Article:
Q: Can I be stopped and arrested for DWI even if the vehicle was not moving?

  • A:It depends on the laws in your state. In some states, the law says that a person is guilty of drunk driving only when actually operating the vehicle. In other states, having the key in the ignition will satisfy the vehicle operation requirement if there was the ability to operate the vehicle.


Q: Do I have the right to talk to an attorney before I give a sample?


  • A:That depends on the laws in your state. In some states, you don’t have the right to speak to an attorney before you take a breath, blood, or urine test. So, your right to an attorney doesn’t kick-in until after you’ve taken or refused to take one of those tests. In some states, though, you do have the right to an attorney before giving a breath, blood, or urine sample.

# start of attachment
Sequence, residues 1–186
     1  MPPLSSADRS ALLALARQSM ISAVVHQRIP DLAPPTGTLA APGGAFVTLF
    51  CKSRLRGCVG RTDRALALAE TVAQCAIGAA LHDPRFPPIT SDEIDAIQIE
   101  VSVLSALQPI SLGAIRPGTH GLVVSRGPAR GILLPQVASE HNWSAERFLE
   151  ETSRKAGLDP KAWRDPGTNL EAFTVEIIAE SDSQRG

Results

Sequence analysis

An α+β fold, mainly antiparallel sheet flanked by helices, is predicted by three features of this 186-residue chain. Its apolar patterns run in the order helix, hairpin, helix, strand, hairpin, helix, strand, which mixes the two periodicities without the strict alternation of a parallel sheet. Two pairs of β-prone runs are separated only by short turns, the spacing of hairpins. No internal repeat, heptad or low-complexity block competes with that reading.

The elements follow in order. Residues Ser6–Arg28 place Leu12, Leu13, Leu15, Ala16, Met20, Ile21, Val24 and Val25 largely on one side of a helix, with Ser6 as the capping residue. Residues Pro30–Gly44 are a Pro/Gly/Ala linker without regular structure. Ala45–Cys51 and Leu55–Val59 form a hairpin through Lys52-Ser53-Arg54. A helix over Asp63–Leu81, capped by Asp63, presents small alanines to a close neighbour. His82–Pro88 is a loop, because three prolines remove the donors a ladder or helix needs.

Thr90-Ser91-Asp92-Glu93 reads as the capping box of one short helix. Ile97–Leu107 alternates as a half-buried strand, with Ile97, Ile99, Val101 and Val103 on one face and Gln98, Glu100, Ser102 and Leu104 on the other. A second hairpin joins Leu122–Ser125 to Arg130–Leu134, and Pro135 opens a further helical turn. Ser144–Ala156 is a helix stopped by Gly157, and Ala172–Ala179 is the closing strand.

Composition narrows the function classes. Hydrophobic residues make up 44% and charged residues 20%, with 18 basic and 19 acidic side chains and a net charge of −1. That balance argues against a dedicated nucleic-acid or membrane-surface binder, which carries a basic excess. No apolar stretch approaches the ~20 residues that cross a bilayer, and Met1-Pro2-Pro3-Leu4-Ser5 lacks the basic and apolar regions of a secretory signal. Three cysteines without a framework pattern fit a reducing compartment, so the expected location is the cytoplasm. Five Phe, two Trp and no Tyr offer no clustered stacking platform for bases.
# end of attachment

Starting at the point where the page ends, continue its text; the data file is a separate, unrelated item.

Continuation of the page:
In either case, if you’re stopped for a suspected DUI, it can’t hurt to ask to talk to an attorney if you have any doubt about whether you’d pass one of these chemical tests.


Q: Do I have to give a blood or urine sample?


  • A:It depends on the laws of your state, but generally the answer is “Yes, or else.”

    In most states, if you refuse to give a blood or urine test (or a breath test), your driver’s license will be suspended automatically for anywhere from 90 days to one year. And, you can still be tried for driving while impaired. Even if you’re found “not guilty” after trial, the suspension usually remains in effect.


Q: Do I have to submit to a field sobriety test?

  • A:Field sobriety tests are used by an officer to help determine if, in his